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Andrew Kaul , Noah Dell , Meg Engelhardt , Quinn Long, J. Leighton Reid , Michael Saxton , James Trager , Matthew Albrecht
Propagule limitation represents a fundamental constraint to the restoration of native plant communities, and practitioners often apply seed additions to overcome this barrier. Few studies have experimentally tested whether inter-seeding can facilitate recovery of herbaceous communities of degraded oak woodlands, which have undergone large-scale transformation due to altered fire regimes and exotic invasion. Previous work suggests that removal of woody encroachment, and process-based (prescribed fire) restoration treatments alone are unlikely to restore the full breadth of taxonomic and functional diversity in the herb-layer, which maintains the vast majority of species in woodland ecosystems. To explore whether seed additions can improve restoration outcomes in oak woodland, we sowed high-diversity seed mixes in paired transects (seeded vs. controls) along a topographic gradient in a degraded site undergoing restoration with shrub removal, tree thinning, and burning. Seed mixes represented native forbs, grasses, and sedges (169 species) in the regional species pool, and were designed to match a species’ habitat affinity to appropriate locations along the topographic gradient. The herb flora was sampled before and for two years after inter-seeding. Seed additions significantly altered community and functional composition, and increased native species cover, richness, and floristic quality relative to controls. However, only 69 of the sown species were detected. We found evidence that dispersal and establishment limitation are both important barriers to the recovery of the herb flora in oak woodlands, but that high-diversity seed mixes in conjunction with exotic removal, thinning, and burning can accelerate recovery of herbaceous communities on highly degraded sites.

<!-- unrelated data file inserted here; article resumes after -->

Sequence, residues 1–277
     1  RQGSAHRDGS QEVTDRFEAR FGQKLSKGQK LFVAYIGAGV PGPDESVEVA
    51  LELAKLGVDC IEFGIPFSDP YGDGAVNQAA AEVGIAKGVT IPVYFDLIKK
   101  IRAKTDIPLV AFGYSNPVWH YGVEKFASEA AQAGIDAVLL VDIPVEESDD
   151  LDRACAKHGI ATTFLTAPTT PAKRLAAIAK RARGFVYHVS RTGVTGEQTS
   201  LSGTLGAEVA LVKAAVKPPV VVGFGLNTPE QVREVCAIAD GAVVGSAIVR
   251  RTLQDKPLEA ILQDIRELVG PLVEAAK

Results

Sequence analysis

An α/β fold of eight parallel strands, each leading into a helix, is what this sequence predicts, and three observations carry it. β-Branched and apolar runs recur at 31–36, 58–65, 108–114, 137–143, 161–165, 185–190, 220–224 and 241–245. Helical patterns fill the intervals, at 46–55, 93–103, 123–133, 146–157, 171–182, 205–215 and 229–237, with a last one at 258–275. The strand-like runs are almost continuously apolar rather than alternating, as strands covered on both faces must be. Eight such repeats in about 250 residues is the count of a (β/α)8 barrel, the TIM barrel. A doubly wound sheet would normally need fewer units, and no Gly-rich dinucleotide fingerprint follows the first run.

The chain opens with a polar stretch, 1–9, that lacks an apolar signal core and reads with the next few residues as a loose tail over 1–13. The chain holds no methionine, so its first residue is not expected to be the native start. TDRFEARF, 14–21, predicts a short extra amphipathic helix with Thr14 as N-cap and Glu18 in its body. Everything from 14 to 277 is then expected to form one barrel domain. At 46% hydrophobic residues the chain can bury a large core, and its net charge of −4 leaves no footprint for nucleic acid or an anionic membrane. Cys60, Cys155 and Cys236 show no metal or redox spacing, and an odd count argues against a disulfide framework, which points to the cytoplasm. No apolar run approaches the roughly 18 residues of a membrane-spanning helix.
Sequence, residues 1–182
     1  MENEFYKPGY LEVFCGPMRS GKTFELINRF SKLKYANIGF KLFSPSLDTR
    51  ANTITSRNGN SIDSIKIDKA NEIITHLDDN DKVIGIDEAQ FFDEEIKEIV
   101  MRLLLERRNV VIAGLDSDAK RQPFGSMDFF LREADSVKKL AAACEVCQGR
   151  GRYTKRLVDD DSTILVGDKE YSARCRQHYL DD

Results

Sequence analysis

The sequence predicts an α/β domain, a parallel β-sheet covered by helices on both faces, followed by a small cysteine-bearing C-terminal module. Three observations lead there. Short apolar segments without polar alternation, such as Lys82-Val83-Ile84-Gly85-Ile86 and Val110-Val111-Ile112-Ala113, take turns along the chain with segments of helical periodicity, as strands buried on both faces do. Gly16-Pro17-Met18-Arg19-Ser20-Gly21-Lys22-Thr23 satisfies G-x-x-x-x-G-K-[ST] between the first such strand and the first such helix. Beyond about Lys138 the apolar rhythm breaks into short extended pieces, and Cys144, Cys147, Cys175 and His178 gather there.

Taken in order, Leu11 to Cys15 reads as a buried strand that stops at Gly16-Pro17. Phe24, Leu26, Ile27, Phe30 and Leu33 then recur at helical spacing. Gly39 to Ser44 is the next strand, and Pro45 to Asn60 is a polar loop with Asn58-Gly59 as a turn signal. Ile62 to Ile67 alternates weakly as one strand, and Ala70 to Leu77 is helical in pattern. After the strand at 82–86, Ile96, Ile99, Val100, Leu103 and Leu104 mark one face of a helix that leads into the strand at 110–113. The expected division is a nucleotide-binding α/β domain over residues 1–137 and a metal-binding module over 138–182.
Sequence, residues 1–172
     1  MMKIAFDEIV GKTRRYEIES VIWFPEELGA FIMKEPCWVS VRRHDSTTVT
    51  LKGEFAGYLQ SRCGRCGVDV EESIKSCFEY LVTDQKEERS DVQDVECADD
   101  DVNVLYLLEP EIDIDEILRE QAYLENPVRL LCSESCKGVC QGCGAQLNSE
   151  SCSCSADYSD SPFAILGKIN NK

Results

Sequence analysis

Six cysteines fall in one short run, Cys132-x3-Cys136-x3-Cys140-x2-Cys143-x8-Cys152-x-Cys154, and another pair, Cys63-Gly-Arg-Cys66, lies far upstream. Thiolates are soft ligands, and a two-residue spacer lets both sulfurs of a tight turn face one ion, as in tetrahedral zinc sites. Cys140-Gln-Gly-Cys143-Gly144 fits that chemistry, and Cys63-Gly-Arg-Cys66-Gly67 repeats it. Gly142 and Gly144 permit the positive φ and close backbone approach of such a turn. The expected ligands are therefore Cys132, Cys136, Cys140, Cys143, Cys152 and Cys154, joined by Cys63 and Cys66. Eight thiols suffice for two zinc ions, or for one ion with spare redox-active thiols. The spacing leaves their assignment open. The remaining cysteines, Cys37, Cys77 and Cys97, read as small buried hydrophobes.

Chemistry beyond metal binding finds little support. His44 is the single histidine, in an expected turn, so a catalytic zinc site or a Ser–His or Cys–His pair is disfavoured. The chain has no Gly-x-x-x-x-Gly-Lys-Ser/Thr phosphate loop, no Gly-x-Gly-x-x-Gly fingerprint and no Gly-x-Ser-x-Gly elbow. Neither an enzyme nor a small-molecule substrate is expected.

Conference Presentation, SER2021
Pre-approved for CECs under SER's CERP program